Lecturer Unlocks Three Keys to Mindful Leadership

BOARDMAN, Ohio – Those in positions of leadership need to “step back” from the craziness of the day and “turn up the volume on what their purpose is as a person and to lead from that,” Michael Ross, president of Mainstream Leadership Network, said Wednesday.

Ross was the keynote speaker at a Youngstown/Warren Regional Chamber breakfast program, part of the organization’s Leadership Series, at the Holiday Inn Boardman. The breakfast was sponsored by Kent State University at Trumbull and Ohio Living.

“As leaders, our greatest present to our team is to be here in the moment and to give all of yourself in the moment,” Ross said.

Being mindful can be a challenge for anyone, he acknowledged, given the tasks facing leaders personally, plus the demands for attention from the people they lead, the business’ money issues and family.

Being mindful is about “making sure that you’re constantly focused on your vision for your life, your purpose for your life, and you live out of that,” he said.

“It’s very difficult for people to do that because their minds are built for survival,” he continued. “Your mind will constantly take you off course and try to send you in different directions to mitigate risk, to mitigate anything that’s going to keep you from being protected. Our essence is always calling us to be more, so that’s risky.”

The three keys to mindful leadership, Ross said, are having a vision, engaging the battle of head versus heart, and discipline.

Most leaders don’t have a clear vision for themselves or for their organization, he said. Sharing that vision also is a vital part of being a mindful leader, “because you’re focusing on what matters most,” he noted.

“Your team has to know where you’re going. If you want to galvanize your team, if you really want to bring everybody together, you’ve got to be clear about where you’re going and they’ve got to know it,” he said. “It’s got to be compelling. … If your vision isn’t a little bit crazy, it’s not big enough.”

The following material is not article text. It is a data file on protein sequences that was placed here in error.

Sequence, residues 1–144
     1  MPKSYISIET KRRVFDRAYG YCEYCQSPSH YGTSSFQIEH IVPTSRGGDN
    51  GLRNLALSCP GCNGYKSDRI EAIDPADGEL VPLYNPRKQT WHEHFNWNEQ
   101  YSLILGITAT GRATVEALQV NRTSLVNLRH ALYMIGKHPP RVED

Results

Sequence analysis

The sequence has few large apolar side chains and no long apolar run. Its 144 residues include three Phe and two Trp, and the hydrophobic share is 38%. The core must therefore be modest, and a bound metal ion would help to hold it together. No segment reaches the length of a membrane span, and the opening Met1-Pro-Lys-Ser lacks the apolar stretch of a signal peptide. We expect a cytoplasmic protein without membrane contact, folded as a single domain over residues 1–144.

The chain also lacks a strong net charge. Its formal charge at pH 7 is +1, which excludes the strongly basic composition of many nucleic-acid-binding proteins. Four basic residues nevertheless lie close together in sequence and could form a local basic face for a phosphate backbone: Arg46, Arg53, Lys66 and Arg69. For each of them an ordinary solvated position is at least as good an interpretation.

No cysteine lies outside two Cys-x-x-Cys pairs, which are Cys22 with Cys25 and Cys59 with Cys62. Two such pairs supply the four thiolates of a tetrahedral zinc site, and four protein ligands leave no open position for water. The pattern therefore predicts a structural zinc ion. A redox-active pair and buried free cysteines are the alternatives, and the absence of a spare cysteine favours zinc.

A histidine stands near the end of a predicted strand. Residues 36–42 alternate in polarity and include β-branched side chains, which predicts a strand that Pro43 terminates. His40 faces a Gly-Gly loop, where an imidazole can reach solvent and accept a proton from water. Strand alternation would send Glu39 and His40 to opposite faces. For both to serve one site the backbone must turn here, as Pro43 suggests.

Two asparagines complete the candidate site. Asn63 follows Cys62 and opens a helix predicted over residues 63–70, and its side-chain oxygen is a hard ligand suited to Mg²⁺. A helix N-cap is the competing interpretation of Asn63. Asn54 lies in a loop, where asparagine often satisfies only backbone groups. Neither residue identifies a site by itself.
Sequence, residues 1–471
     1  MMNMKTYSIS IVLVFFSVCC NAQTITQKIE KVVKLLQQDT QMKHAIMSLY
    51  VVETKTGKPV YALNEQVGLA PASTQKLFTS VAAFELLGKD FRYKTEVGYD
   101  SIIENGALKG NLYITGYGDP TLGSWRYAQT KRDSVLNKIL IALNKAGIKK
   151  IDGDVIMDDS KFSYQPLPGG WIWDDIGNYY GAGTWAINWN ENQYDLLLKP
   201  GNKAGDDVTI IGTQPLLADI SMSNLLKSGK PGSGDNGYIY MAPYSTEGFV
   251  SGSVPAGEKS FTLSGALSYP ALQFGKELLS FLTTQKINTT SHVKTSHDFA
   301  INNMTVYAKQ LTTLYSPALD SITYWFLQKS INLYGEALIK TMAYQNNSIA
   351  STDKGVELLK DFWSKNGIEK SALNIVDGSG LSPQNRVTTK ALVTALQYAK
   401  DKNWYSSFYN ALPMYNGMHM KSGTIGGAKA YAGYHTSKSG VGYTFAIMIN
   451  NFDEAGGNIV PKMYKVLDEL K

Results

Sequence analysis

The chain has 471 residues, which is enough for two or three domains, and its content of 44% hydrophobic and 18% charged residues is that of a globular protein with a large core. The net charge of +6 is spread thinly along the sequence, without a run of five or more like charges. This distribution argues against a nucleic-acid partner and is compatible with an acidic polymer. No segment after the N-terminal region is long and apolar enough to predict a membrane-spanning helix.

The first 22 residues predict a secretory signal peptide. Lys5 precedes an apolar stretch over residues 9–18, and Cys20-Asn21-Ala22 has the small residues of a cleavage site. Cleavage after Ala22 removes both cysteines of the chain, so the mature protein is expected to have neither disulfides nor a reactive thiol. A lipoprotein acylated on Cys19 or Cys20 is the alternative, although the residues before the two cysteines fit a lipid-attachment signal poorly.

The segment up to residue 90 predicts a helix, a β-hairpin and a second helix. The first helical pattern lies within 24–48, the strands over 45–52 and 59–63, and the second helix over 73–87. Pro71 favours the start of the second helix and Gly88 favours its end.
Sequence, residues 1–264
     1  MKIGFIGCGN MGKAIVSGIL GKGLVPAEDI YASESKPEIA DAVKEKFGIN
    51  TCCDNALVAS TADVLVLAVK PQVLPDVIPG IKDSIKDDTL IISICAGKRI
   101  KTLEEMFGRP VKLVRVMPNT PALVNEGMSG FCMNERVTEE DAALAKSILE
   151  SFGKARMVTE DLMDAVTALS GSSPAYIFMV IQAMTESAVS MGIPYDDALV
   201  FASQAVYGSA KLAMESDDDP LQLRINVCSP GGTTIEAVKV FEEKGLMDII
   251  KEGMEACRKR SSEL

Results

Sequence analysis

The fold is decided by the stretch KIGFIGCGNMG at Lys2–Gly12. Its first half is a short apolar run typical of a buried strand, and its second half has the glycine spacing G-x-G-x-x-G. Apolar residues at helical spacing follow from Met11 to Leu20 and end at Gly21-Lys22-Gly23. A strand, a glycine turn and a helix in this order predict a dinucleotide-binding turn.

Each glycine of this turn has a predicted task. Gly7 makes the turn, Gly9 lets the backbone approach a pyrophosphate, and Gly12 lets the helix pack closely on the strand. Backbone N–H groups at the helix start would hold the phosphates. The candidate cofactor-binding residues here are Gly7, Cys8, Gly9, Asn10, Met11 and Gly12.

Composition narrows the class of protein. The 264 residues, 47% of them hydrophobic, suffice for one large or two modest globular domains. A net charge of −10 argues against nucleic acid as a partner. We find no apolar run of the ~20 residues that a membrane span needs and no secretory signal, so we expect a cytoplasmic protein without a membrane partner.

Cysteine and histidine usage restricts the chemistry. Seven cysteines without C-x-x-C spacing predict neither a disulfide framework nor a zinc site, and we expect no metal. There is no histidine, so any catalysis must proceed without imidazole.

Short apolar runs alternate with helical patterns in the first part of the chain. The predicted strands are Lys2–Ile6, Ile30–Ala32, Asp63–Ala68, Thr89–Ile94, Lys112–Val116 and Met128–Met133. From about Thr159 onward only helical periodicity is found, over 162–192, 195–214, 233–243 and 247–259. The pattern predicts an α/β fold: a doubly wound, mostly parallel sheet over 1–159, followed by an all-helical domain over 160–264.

Speaking on the second key, Ross noted that the mind is “built for survival” and will always act to mitigate risk. “It’s going to try to get you out of any adverse situation,” he said.

“The heart wants what is best for you,” he said. “It desires freedom above all.”

Addressing the third, Ross advocated keeping a journal, adding that he is a “big believer” in meditation and prayer. “The world is always going to be tossing stuff at you, so I quiet the world,” he said.

For Ross, learning the need to be mindful came in a “very hard, very visceral way,” he recalled.

During his time in the Navy, Ross was determined to set himself apart by showing up early, staying late and “always doing more.” While in boot camp, he encountered Jake, “a guy from the Bronx” whom he was later stationed with. Jake “had the hardest life that I ever heard of” but “had the best outlook I ever saw,” Ross recalled.

“He was such a fun-loving guy but he had a big vision and a big dream for his life. He used to talk about how he was going to use his time in the Navy to go back and help people like himself,” he said. “I didn’t have a vision. I just wanted to impress those who were above me.”

Ross’ outlook changed when Jake died from an accident while they were stationed in Japan. After that, Ross “went into a spiral” and spent weeks contemplating life’s meaning and asking himself questions, and thought of Jake’s vision to serve others.

“It was at that point in my life that I began to live with purpose because I saw how fragile and short life is,” he said. “Then it became so visceral when I no longer was so focused on the day-to-day, and then had a disciplined structure to remind me of the vision and the values that I was trying to live by versus all the other stuff I thought mattered.”

An audience of about 40 attended the breakfast meeting.

Linda McPhail, owner of A Time to Dance in Niles, said she found Ross’ lecture fascinating.

“He brought a different focus to my approach, and he also confirmed that I’m doing the right thing,” she said.

John Russell, vice president of L. Calvin Jones in Canfield, said his key takeaway was to “step back and have a clear vision of where you’re going.”

Pictured: Michael Ross, president of Mainstream Leadership Network, spoke Wednesday at a Youngstown/Warren Regional Chamber seminar on mindful leadership.

Copyright 2024 The Business Journal, Youngstown, Ohio.